US7069576Oct 15, 1999Jun 27, 2006United Video Properties, Inc.Interactive television program guide system with pay program package promotion
US7073187Nov 16, 1998Jul 4, 2006Sedna Patent Services, LlcMenu-driven television program access system and method
US7096192Nov 17, 1999Aug 22, 2006Cybersource CorporationMethod and system for detecting fraud in a credit card transaction over a computer network
US7207055Feb 3, 1997Apr 17, 2007Sedna Patent Services, LlcBandwidth allocation for a television program delivery system
US7210159Dec 19, 2000Apr 24, 2007Starsight Telecast, Inc.System and method for transmitting and utilizing electronic programs guide information
US7234609Apr 15, 2004Jun 26, 2007Redbox Automated Retail, L.L.C.Article dispensing system and method for same
US7269841Oct 27, 1997Sep 11, 2007Sedna Patent Services, LlcDigital cable headend for cable television delivery system
US7272639Jan 12, 1998Sep 18, 2007Soverain Software LlcInternet server access control and monitoring systems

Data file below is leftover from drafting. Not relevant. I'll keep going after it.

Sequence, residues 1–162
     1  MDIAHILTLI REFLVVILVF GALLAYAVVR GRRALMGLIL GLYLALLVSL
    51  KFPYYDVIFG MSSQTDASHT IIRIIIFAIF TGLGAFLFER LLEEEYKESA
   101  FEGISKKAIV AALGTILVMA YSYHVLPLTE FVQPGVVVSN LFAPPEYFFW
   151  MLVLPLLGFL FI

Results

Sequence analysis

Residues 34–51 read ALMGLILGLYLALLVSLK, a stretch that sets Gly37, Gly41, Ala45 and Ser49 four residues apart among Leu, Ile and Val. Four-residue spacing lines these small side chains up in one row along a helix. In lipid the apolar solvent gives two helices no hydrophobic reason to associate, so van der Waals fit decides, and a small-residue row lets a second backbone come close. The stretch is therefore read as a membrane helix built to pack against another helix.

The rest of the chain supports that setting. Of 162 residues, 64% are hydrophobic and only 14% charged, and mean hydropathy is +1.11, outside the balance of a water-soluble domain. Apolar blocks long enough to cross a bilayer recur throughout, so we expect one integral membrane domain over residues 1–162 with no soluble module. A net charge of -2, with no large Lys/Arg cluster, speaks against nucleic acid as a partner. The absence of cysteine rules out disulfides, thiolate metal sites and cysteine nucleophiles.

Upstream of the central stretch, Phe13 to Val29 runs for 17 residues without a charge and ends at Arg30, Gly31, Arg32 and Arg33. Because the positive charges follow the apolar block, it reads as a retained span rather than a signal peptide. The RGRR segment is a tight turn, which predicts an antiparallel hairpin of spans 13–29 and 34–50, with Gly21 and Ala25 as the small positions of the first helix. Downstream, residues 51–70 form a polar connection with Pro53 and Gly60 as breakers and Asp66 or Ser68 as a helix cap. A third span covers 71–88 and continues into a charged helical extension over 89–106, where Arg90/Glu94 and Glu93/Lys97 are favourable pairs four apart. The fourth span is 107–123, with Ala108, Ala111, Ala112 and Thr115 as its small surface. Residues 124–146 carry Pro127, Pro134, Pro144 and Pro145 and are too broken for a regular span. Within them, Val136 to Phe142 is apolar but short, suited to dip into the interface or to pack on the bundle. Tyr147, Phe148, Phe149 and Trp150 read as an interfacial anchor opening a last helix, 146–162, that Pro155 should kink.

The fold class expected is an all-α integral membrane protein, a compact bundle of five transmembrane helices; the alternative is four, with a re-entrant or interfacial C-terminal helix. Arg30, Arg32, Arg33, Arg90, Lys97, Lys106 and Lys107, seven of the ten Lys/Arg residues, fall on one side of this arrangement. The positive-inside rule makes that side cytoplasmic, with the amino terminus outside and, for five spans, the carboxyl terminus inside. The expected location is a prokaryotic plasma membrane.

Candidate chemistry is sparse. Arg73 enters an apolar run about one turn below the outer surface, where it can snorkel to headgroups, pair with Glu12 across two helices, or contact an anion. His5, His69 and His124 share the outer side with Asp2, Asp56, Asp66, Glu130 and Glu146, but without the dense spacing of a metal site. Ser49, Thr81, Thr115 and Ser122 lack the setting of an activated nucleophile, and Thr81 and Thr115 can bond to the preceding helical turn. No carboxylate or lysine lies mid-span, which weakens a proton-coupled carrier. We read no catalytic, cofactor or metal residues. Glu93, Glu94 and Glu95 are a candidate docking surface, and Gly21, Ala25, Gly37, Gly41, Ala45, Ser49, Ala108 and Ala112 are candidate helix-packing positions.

US7272844Nov 28, 2000Sep 18, 2007Lodgenet Entertainment CorporationLodging entertainment system with guest-selected time shifting
US7293277Jul 21, 1999Nov 6, 2007Touchtunes Music CorporationRemote control unit for intelligent digital audiovisual reproduction systems
US7333953Oct 31, 2000Feb 19, 2008Wells Fargo Bank, N.A.Method and apparatus for integrated payments processing and decisioning for internet transactions
US7360159Sep 18, 2003Apr 15, 2008Qarbon.Com, Inc.System for creating media presentations of computer software application programs
US7366586Apr 21, 2006Apr 29, 2008Redbox Automated Retail Llc.System and method for communicating vending information
US7403922Nov 2, 2000Jul 22, 2008Cybersource CorporationMethod and apparatus for evaluating fraud risk in an electronic commerce transaction
US7444663Dec 31, 1998Oct 28, 2008Lodgenet Interactive CorporationMenuing system for controlling content delivery within a video distribution system